Comparison of Electromagnetic Field Signatures in Regions of Dispersive and Quasi-Static Electron Precipitation During the GREECE Sounding Rocket Flight

Monday, 15 December 2014
John W Bonnell1, Nathan Carruth1, Amanda Slagle1, Marilia Samara2, Robert Michell3, Guy Alan Grubbs II4, Keiichi Ogasawara3 and Jörg-Micha Jahn3, (1)University of California Berkeley, Berkeley, CA, United States, (2)NASA Goddard Space Flight Center, Greenbelt, MD, United States, (3)Southwest Research Institute, San Antonio, TX, United States, (4)University of Texas at San Antonio, San Antonio, TX, United States
The NASA GREECE (Ground-to-Rocket Electrodynamics-Electrons Corelative Experiment) sounding rocket flew through two regions of electron precipitation associated with dynamic visual aurora on 03 Mar 2014. The first weaker precipitation region showed evidence of energy-time dispersion in the softer and weaker electron precipitation, while the later precipitation region showed evidence of quasi-static monoenergetic peaks in the somewhat harder precipitating electron spectra.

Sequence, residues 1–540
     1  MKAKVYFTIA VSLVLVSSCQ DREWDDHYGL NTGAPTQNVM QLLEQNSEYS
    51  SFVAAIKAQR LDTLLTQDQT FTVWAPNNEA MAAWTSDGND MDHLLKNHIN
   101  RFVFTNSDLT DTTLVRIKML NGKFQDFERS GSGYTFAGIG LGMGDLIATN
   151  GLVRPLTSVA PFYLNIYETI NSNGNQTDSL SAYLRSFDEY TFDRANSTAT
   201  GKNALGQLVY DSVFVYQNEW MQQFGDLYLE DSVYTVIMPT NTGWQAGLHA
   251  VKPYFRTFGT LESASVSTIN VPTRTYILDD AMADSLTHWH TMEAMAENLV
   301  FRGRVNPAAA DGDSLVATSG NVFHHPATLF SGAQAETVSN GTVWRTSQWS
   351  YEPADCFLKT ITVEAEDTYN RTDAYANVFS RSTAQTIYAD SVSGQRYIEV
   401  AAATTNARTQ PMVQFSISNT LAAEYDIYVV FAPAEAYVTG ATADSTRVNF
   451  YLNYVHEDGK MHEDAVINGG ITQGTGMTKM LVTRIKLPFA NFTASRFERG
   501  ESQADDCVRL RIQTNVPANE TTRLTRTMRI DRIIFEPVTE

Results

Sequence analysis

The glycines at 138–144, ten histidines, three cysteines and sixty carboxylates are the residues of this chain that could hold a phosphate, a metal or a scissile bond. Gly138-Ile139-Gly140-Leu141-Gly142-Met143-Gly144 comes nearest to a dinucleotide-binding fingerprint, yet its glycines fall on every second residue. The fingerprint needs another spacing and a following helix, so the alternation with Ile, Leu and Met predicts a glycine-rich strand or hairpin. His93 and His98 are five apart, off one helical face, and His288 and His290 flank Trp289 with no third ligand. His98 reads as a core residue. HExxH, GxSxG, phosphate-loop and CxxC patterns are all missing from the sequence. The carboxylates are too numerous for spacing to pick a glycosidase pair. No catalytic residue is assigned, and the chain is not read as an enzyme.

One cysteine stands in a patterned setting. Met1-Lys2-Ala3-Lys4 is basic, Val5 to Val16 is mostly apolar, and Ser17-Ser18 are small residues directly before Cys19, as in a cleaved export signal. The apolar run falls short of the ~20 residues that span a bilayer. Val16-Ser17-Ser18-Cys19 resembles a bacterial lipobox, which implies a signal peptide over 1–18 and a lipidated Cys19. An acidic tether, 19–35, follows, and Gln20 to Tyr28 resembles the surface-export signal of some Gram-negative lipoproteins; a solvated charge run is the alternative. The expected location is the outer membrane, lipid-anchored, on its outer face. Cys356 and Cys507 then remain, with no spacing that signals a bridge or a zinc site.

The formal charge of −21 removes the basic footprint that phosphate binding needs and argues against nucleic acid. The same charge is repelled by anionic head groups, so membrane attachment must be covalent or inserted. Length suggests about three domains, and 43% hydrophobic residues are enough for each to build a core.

Comparisons between the observed electromagnetic (EM) field (quasi-DC) and wave properties (0.1-8 kHz) in the two precipitation regions will be shown, including: measured plasma density; estimated spectral densities of E and B; derived polarization, cross-spectral phase and coherence, and parallel Poynting flux.

The measured EM field parameters will be compared against extant models of static and dynamic coupling of the high- and low-altitude ionosphere in regions of active small-scale auroral features and precipitation to discriminate between viable models of the two sorts of auroral precipitation and acceleration.